Composer, Writer, Lyricist
( b. May 19, 1924 Sale, UNITED KINGDOM - d. Aug 27, 2014 ) Male
Sandy Wilson was a British composer and lyricist who was best known for the nostalgic, '20s-style musical The Boy Friend, which was a monster hit in the 1950s and helped make a star out of Julie Andrews.
Mr. Wilson wrote nearly a dozen musicals and revues, but none were as successful as The Boy Friend, a buoyant, lightweight piece of comic froth replete with flappers and Charleston numbers. What plot there was--basically of the boy-meets-girl, boy-loses girl variety--was meant as a gentle parody drawing on every imaginable cliche associated with the sort of all-singing, all-dancing, empty-headed musicals that were common in the 1920s. The plot took place on the French Rivera and centers on the romantic travails of lovelorn, "poor little rich girl" Polly Browne.
The show bowed in London at the Player's Theatre Club in April 1954 and reopened in an expanded version in October. Eventually it made its way to the West End, where it ran for a whopping 2,078 performances. The Boy Friend opened on Broadway in September 1954, with the unknown 19-year-old named Julie Andrews in the role of Polly. There, it was also a hit, playing 455 performances. Brooks Atkinson in the New York Times called it "a delightful burlesque" and a "light cartoon of the standard musical play of the Twenties."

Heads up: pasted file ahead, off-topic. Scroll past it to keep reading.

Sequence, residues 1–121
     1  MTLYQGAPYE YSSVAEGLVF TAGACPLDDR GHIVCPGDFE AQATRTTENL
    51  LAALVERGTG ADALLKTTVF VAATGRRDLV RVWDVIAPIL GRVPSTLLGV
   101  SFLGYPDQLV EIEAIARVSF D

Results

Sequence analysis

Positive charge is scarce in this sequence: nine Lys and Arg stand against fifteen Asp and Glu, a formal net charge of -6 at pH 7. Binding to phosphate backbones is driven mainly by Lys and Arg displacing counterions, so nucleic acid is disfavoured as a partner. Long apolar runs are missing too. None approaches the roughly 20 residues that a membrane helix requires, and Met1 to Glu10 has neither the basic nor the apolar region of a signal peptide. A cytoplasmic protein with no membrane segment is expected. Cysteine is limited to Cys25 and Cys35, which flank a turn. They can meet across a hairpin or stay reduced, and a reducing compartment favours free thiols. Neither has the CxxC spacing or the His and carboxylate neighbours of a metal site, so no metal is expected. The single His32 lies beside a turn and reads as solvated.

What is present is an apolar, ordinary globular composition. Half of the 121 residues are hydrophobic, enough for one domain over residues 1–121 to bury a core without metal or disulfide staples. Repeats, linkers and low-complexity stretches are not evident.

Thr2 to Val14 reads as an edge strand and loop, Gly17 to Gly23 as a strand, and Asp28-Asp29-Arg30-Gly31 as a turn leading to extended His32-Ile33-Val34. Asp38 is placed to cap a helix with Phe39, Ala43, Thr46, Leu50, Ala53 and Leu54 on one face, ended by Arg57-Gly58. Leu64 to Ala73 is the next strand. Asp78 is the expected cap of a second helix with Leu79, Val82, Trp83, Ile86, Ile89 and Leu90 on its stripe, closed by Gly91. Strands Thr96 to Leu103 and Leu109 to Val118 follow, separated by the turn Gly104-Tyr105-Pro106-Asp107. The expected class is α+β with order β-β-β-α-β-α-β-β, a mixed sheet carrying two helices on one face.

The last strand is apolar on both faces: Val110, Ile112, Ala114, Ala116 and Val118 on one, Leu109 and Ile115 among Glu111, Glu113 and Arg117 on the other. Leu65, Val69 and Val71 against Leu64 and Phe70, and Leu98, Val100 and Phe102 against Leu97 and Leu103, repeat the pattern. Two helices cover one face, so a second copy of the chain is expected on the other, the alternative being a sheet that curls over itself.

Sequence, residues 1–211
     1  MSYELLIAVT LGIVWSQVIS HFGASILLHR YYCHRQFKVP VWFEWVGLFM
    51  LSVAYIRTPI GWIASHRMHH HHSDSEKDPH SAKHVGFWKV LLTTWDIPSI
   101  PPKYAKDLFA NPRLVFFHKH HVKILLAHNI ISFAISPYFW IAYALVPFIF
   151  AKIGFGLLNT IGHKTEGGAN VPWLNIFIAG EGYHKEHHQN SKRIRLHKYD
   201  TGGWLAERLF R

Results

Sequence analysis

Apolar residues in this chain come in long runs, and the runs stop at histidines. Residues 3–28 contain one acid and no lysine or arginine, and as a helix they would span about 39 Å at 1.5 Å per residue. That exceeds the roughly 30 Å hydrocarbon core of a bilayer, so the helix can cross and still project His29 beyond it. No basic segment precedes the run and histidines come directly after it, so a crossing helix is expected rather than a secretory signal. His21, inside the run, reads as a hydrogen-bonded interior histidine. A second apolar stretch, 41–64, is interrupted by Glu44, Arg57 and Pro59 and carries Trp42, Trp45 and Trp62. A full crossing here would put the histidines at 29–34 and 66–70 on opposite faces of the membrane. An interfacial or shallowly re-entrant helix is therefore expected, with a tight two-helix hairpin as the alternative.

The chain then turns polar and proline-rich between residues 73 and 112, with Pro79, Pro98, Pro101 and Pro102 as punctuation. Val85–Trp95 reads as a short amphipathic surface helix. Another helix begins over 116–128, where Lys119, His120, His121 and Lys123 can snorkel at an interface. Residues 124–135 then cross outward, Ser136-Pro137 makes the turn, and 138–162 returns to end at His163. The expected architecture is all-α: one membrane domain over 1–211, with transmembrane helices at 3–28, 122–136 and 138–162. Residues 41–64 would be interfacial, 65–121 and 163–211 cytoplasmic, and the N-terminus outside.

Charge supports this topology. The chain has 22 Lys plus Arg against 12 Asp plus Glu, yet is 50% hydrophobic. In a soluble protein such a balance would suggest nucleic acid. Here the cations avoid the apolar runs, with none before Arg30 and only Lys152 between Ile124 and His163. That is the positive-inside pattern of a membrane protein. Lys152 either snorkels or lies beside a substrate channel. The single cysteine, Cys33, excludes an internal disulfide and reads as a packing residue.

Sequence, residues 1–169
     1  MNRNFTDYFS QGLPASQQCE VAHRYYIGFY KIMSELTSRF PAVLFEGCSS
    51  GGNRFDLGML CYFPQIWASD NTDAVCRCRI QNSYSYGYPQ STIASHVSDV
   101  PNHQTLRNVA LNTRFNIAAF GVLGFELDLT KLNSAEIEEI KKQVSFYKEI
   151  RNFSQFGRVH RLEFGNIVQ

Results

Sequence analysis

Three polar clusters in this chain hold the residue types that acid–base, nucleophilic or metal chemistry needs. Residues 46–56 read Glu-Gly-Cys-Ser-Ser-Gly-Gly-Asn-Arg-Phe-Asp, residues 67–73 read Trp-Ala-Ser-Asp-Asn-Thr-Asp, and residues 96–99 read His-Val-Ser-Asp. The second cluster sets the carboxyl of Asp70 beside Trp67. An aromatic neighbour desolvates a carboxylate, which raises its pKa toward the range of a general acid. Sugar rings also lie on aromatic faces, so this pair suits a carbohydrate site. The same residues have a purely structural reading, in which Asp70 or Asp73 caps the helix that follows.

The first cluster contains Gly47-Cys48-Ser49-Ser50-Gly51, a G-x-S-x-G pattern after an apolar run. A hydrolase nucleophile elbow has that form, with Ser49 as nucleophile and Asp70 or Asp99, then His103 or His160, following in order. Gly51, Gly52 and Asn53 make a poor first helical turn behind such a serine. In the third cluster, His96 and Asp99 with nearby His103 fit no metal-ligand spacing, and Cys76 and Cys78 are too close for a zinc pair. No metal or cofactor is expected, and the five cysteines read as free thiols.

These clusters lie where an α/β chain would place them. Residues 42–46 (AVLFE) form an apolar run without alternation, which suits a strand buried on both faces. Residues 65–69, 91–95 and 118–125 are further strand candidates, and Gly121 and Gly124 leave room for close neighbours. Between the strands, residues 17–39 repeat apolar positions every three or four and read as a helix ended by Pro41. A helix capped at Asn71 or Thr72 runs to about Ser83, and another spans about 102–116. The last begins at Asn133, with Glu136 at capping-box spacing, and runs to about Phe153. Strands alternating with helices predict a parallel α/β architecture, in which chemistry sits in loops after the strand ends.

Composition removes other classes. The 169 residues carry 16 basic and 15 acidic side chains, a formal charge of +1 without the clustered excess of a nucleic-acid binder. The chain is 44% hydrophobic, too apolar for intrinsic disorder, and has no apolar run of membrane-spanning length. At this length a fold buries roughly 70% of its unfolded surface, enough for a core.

A Broadway revival in 1970 was not as successful, closing after 111 performances. A 1971 movie version, with an altered plot, was directed by Ken Russell. Mr. Wilson disliked the film.
Following its initial success, The Boy Friend was a popular property in regional, community and high school theatres, owing to its innocent plotline and comparatively simple casting requirements. Andrews herself returned to the material, when she directed a production in 2003 at the Bay Street Theatre in Sag Harbor, Long Island.
Mr. Wilson's other shows included Caprice, The Buccaneer, Valouth, Pieces of Eight, Divorce Me, Darling! (a sequel of sorts to The Boy Friend it was set in the 1930s, and was a pastiche of the kind of musicals Cole Porter wrote at the time), As Dorothy Parker Once Said, His Monkey Wife, The Clapham Wonder and Aladdin. He also wrote material for various revues, including Slings and Arrows, Oranges and Lemons and See You Later.